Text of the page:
What makes Aran so compelling to me as a video game character (much in the same way I admire Link’s muted demeanor) is that regardless of her personal history or lived experiences, her motivations in each game are always crystal clear. Sure, certain villain encounters may carry more weight if you knew about Samus’ past, but such knowledge wouldn’t meaningfully improve the experience. More lore drops would have no impact on the immediate dangers of each combat sequence or her determination to power through. Metroid Dread largely leaves the sentimentality up to the player, and is better off because of that.
Why It All Works
Samus may not be one for chit-chat, but that doesn’t mean she’s one dimensional. Despite speaking only a few words, she’s a triumphant hero defined by her intellect, physical capabilities, and undeterred pragmatism. Would Dread have actually been better if Samus occasionally stopped to write a diary entry? What if she explained that her experiences on ZDR reminded her of childhood trauma? Was there a missed opportunity for a tearjerker moment centered on her phobias? In my view, the answer to all these questions is a resounding “no.”
AAA games have taught us that a game’s “story” is what characters say during cutscenes, what they hear in audio logs, and what they read from notes and journal entries. These tropes work for certain kinds of narratives, such as when the main focus of the game is on building a character (The Witcher 3) or when the actual gameplay exists mostly to move the plot forward (The Last of Us). Metroid Dread does not fall into either category, because the story as told by its writing is less important than the story told through its gameplay and atmosphere. It’s easy to tell someone how they’re supposed to feel about something; it’s harder to provide an environment where they come to those feelings on their own. That’s what Metroid Dread does through tight gameplay, phenomenal visuals, and exactly the right amount of plot.
Overall, Metroid Dread just has a proper amount of everything. The plot is exciting and omnipresent, but never wears out its welcome. The combat is challenging and complicated, but allows for a number of creative play styles. The boss fights and E.M.M.I. encounters can be pretty hard, but they’re not insurmountable. The world is beautiful, haunting, and full of secrets, yet its maze-like nature rarely hampers the pacing.
Moreover, Dread is true to its title. To play this game is to fight back against a constant feeling of duress and fear while surviving in an openly hostile environment. The tools to prevail, however, are all within your grasp; you just have to want it enough. And I wanted what Metroid Dread had to offer at every turn.
-There’s been some discourse around the difficulty surrounding Metroid Dread’s boss fights, and all I can say is this: I personally didn’t think the game was unfathomably tough, but I still believe Nintendo should have offered more accessibility options, as every game should.
-Trying to 100% a single playthrough of Dread is a daunting task on its own, but some of these so-called “shinespark” challenges make me question if it’s worth it at all. That said, perfectly nailing a shinespark feels SO good.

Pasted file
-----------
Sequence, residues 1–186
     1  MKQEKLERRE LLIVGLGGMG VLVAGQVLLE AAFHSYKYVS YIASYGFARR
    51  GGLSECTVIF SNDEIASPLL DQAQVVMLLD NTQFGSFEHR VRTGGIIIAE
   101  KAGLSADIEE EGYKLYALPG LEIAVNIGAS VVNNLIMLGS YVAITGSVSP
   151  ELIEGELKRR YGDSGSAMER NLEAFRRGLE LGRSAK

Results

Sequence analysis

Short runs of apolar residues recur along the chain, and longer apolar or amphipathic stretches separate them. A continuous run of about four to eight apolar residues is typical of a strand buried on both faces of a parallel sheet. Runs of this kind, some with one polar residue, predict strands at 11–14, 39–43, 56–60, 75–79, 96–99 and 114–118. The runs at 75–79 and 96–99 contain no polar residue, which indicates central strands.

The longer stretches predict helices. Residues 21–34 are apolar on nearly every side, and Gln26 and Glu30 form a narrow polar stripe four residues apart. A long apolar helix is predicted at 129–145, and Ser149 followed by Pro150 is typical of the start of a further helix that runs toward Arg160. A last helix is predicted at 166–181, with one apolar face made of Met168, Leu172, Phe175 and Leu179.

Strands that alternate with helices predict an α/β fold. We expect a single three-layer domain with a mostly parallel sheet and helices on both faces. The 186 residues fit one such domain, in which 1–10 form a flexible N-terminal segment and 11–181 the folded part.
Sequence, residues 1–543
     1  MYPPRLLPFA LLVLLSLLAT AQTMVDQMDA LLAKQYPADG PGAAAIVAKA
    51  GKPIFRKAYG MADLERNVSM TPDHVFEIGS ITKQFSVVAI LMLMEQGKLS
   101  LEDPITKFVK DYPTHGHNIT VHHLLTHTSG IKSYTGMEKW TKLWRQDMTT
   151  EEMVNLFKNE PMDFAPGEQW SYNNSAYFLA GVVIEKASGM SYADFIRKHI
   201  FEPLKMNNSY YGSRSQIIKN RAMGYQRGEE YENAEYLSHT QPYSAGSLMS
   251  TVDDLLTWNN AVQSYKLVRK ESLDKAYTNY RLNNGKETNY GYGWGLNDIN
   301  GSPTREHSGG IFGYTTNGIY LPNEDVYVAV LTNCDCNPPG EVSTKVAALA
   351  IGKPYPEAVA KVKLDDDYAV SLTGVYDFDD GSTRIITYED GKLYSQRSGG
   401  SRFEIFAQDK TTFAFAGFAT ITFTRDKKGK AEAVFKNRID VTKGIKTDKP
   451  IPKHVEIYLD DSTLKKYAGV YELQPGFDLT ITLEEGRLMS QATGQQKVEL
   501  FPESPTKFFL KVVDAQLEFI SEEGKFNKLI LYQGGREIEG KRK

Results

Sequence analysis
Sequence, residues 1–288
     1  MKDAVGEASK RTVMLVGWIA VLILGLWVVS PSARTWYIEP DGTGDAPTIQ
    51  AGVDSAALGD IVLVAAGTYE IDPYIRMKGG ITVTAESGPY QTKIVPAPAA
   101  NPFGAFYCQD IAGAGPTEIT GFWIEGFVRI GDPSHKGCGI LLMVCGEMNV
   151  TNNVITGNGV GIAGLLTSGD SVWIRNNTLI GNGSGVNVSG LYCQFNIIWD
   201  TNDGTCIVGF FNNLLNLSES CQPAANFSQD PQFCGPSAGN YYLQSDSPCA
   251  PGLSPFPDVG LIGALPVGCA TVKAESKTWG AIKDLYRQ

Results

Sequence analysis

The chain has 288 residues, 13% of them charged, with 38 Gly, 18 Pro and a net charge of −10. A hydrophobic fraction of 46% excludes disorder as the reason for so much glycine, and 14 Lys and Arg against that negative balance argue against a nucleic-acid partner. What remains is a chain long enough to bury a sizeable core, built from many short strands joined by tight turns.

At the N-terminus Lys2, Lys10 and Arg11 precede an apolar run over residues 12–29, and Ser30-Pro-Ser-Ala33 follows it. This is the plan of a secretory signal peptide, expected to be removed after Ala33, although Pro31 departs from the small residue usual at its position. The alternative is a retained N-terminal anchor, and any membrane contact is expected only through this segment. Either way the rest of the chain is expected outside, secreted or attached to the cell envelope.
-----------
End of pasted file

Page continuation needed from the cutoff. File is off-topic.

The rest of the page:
-While the base experience is fairly short (I beat the main game in about eight hours), it never felt that short. The world is full of fun secrets to discover, and everything was paced well enough that I was convinced I’d played a 10-15 hour game.
-The best part of Metroid Dread is just how COOL everything is. Samus Aran’s suits are cool. Her new abilities are cool. The world design is cool. I might be incredibly uncool in real life, but I felt pretty cool taking down giant monsters with my cool-ass arm blaster and power suit.
-Random things I liked: new suit designs, Samus’ scant dialogue, final boss battle (and post-battle gameplay), nailing a counter
-Random things I disliked: too many missile upgrades (from a completionist perspective), inability to remap buttons, long load times (the Series X has ruined me), lack of aesthetic variety in E.M.M.I. zones
THE FOLLOWING NOTES CONTAIN STORY SPOILERS. YOU’VE BEEN WARNED.
-Samus learning that she has ultimately BECOME a metroid is narratively perfect for two reasons: 1. It makes her newfound powers dope as shit and 2. It finally explains (35 years later) why the franchise has the name that it does, even if several games don’t actually include any metroids.
-Also, her “final form” as a metroid was so badass that I REALLY hope Nintendo has more in store for the franchise’s broader narrative.
-Raven Beak, for the most part, is a by-the-numbers game villain in terms of his motives, but what he actually does to toy with Samus and try to extract her power is clever and makes the whole story far more interesting than just “Samus goes to planet and kills weird aliens.”
-The single line of dialogue Samus utters after Quiet Robe’s big speech was far more impactful than if she had been constantly talking throughout the whole game.
-Raven Beak seeking to use a deadly and contagious virus to advance his own political ambitions at the expense of actual lives felt eerily close to what we’re currently experiencing in this nearly two-year pandemic. Nintendo seems to have made some incisive commentary without even trying!
Thanks for reading my thoughts on Metroid Dread! For other Punished Notes on particular games, check out what I’ve written on The Legend of Zelda: Skyward Sword HD, The Last of Us Part II, and Final Fantasy VII Remake.
What did you think of Dread? Let us know in the comments!